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Who is Freddie Gray, whose death is at the center of Baltimore's unrest?

This piece originally appeared in the Los Angeles Times.


Undated family picture of Freddie Gray. (Baltimore Sun)

The unrest in Baltimore after the death of Freddie Gray has left portions of the city in ruins and again elevated the national debate over police treatment of African Americans. Yet little is known about the man who suffered a severed spine after taken into custody on April 12.

Here’s some background about Gray.

‘He was so funny’

Gray was a 25-year-old resident of Sandtown-Winchester/Harlem Park in West Baltimore. He was 5 feet 8 and weighed 145 pounds and was a graduate of Carver Vocational-Technical High School.

Around his neighborhood, friends often referred to him by his nickname, Pepper.

"He was so funny. Any time you're looking for a laugh, you're going straight to Freddie," Raheem Gaither, a friend and neighbor of Gray's, told the Baltimore Sun. "We're all from the same neighborhood. All of us here are family."

Gray also sang in the youth choir at his church, enjoyed fashion and played for a neighborhood football team, according to a program from his funeral.

He had a twin sister, Fredericka, who in recent days said her brother “would not want this,” referring to the rioting that has roiled their city. He also had an older sister, Carolina.

A man walks along a street in the Baltimore neighborhood where Freddie Gray lived. David Goldman/Associated Press

‘I'm not saying Fred was an angel’

Gray was arrested more than a dozen times since he turned 18, according to court records. Many of the cases stemmed from possession and distribution of narcotics. When he was arrested, Gray had two drug cases pending. One was a felony on suspicion of selling heroin. Other charges against Gray included trespassing to shoplifting.

"I'm not saying Fred was an angel; whatever he did is now in the past. But the police already have made up their minds about who we are," Rudolph Jackson, 51, told the Sun. "They figure every black person with their pants hanging down is a suspect, and they stop them without probable cause."

A childhood exposed to lead paint

In the mid-1990s, Gray lived in an apartment in West Baltimore where paint peeled off the walls and littered bedrooms and kitchens, according to court records obtained by the Sun. Those records stem from a 2008 lawsuit filed in Baltimore City Circuit Court by Gray and his sisters against the property owner for lead poisoning.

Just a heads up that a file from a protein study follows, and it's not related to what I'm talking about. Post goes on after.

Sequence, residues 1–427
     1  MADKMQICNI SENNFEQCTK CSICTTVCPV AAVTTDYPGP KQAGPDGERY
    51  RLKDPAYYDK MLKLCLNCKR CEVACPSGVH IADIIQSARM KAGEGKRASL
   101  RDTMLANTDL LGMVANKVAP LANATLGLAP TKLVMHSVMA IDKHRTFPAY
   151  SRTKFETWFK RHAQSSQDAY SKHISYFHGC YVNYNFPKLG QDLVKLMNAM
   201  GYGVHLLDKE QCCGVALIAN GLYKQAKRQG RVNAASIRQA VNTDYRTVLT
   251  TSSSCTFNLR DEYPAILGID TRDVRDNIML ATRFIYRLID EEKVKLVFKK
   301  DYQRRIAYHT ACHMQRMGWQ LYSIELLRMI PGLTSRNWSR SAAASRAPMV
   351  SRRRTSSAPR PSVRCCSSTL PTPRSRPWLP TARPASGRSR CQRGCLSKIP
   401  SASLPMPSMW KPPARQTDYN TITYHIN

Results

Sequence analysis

Gray and his sisters were exposed to high lead levels in their blood, which led to multiple educational, behavioral and medical problems, according to the lawsuit.

An undisclosed settlement was reached, according to the court documents.

What was his neighborhood like?

Jobs are scarce.

Unemployment in Sandtown-Winchester/Harlem Park among those aged 16 to 64 was 52% in 2012, according to a Justice Policy Institute report. The median household income in 2010 was $22,000, compared with $37,000 for Baltimore overall, according to a 2011 Baltimore City Health Department report.

Mixed in with drugs and dismal school systems, poverty is an epidemic that plagues inner-city black neighborhoods nationwide.

In Gray’s neighborhood, young blacks are nearly as likely to be arrested as they are to finish high school, according to the Health Department report. One of every four juveniles was arrested between 2005 and 2009, nearly double the rate in the rest of the city.

How did he die?

Gray died from an injury that severed his spine, according to an autopsy report. There were no indications of force or bruising, police said, and they do not know when or how his spine was severed. He died April 19, a week after his arrest. Baltimore’s police union asserted that none of the officers did anything criminal, and has warned against a rush to judgment. But because it's an ongoing investigation, little information about his death has been released.

“When Mr. Gray was put in that van, he could talk and he was upset,” Deputy Police Commissioner Jerry Rodriguez said during a televised news conference April 13. “When he was taken out of that van, he could not talk and he could not breathe.”

Times staff writers Michael Muskal, James Queally and David Zucchino contributed to this report.


This piece originally appeared in the Los Angeles Times.

Follow Kurtis Lee on Twitter at @KurtisALee, Michael Muskal @LATimesMuskal, James Queally at @JamesQueallyLAT, and David Zucchino at @DavidZucchino.

Posted in JPI in the News, Criminal Justice News

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